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VW powers ahead in Asia with Suzuki deal

Volkswagenhas secured an expanded presence in India and Japan with a deal to buy a fifth of Suzuki Motor in a tie-up that will boost the German carmaker's foothold in the small car market.

The move, announced yesterday, came in the week that VW bought 49.9 per cent of Porsche for €3.9bn (£3.5bn) and marked another step in chairman Ferdinand Piëch's drive to build a global group. VW and the Japanese group would buy each others' shares and co-operate "while respecting each other's independence", the German carmaker said.

It said that it would buy 19.9 per cent of Suzuki's shares and the Japanese carmaker would invest up to half the amount it received for the shares to cement the alliance. The deal is due to be completed in January. Martin Winterkorn, VW's chief executive, said the agreement could help it leapfrog Toyota as the world's largest carmaker before 2018. "If that succeeds faster [than 2018], we're happy," he said. Toyota sold 8.6m vehicles in 2008, and VW and Suzuki between them sold 8.4m, according to consultancy IHS Global Insight.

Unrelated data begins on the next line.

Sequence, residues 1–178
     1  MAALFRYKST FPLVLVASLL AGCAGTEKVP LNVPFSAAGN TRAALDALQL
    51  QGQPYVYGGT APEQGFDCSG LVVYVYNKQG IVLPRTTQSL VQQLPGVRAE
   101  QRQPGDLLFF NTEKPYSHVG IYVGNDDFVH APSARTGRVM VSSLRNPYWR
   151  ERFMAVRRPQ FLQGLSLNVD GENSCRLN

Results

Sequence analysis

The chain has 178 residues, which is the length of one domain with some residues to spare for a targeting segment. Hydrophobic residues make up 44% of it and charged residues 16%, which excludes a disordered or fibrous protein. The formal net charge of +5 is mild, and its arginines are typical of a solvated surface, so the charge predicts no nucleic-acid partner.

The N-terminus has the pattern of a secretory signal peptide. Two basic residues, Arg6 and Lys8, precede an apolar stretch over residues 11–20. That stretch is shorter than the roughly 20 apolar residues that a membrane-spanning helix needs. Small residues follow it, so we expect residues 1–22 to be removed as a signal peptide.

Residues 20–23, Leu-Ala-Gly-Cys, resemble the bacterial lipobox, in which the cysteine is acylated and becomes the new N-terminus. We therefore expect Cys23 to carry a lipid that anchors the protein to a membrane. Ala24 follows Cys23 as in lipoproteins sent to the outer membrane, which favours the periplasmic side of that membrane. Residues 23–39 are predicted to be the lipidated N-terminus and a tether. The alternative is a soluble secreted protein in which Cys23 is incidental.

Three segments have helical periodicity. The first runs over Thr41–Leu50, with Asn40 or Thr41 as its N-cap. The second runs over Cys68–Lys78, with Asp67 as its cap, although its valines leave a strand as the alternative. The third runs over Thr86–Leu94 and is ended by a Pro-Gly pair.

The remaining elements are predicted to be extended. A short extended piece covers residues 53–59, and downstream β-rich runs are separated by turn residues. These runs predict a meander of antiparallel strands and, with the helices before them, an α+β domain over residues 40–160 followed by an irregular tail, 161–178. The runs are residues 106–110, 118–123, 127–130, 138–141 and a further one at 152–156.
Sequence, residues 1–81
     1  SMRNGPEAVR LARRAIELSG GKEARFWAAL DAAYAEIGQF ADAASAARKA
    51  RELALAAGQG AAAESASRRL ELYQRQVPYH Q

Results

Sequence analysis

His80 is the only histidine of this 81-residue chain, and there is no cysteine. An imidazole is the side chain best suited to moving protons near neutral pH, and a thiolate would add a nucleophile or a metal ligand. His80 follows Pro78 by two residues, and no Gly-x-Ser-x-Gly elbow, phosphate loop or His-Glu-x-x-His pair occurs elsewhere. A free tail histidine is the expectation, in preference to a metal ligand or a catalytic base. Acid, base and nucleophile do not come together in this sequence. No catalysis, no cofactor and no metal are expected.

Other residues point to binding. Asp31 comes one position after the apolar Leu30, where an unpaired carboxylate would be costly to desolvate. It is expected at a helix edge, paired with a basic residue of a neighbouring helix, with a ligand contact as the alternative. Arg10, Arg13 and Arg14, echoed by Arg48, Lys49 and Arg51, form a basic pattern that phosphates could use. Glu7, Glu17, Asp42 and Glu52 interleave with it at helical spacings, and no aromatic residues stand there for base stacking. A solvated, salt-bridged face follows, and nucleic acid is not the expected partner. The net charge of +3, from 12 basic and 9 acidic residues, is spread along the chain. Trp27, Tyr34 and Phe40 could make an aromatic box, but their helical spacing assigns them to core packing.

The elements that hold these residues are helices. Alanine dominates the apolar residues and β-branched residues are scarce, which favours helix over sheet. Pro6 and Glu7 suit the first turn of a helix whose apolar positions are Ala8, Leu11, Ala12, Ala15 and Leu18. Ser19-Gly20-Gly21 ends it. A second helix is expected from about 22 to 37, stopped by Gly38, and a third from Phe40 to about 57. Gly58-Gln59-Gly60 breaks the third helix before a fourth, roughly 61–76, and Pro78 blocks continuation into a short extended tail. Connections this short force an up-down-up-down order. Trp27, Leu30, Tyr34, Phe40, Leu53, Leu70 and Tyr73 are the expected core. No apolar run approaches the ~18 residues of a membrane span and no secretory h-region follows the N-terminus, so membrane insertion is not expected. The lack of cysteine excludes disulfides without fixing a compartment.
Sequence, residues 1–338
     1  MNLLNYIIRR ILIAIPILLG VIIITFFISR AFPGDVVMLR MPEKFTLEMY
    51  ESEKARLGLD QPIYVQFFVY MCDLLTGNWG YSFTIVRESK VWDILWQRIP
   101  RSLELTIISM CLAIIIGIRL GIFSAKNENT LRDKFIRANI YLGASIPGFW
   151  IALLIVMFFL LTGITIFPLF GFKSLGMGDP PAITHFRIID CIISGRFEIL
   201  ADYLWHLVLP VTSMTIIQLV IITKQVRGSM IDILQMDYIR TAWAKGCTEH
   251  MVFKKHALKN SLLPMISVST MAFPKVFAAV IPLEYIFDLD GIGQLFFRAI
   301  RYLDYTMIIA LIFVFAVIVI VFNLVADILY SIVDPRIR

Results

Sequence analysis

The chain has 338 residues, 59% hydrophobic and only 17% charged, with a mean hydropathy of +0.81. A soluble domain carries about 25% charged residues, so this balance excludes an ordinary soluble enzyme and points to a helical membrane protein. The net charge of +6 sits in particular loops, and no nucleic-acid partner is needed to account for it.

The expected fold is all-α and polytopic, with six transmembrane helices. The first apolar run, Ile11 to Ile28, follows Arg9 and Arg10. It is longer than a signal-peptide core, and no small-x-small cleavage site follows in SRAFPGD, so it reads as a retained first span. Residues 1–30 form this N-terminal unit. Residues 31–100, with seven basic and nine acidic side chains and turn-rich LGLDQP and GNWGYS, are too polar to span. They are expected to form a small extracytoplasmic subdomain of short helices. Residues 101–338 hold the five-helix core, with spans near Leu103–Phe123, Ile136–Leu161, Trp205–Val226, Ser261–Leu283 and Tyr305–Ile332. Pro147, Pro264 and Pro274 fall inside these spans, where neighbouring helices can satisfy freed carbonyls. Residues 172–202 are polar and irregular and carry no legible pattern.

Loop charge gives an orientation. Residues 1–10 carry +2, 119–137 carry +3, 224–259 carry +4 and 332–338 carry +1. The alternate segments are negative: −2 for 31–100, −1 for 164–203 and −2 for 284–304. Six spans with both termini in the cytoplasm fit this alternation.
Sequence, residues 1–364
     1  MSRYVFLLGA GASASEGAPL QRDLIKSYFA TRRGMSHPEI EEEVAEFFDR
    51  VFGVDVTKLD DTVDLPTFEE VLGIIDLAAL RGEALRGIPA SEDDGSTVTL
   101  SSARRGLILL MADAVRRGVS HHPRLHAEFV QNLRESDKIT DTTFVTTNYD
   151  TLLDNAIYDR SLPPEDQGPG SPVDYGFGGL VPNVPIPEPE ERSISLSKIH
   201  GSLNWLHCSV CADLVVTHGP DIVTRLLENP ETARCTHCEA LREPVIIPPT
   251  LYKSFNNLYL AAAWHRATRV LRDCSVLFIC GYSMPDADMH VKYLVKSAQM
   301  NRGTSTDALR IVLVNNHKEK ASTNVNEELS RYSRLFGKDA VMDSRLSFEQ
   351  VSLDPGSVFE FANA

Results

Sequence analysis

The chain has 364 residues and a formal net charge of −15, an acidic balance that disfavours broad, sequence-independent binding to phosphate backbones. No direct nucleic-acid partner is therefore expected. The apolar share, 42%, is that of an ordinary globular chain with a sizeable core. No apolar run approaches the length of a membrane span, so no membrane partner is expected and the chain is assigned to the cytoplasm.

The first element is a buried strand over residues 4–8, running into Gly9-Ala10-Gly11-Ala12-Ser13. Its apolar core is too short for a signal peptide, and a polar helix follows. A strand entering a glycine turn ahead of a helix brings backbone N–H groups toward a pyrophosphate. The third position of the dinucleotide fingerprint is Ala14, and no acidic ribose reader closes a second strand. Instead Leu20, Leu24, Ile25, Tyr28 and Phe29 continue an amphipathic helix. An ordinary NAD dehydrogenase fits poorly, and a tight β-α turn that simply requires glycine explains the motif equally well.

The announcement came only days after France's PSA Peugeot Citroën said it was buying a stake in Mitsubishi Motors, another Japanese carmaker, as part of an expanded partnership. The moves suggest a long-expected round of consolidation in the car industry may now be under way. The recession has put pressure on carmakers to seek alliances, but with the exception of Fiat's partnership with Chrysler, little has happened so far this year.

VW, like others, needs to expand its portfolio of small cars and its presence in Asia - now the global car industry's most important region - even as it copes with slumping sales in many of its markets. Suzuki is an industry leader in very small cars and, through its Maruti Suzuki subsidiary, claims about 50 per cent of the Indian market. Suzuki recently ended a partnership with General Motors, which sold the last of its 20 per cent stake of the family-controlled carmaker last year. Suzuki agreed this week to offload its half of the companies' Canadian venture to GM.

Analysts said the move might only be a first step that could presage a future full takeover if the co-operation proves successful. "Both sides want to figure out if they can work together but in the long run a full integration of Suzuki is a realistic scenario, said Max Warburton, Sanford Bernstein analyst.

Source: Financial Times

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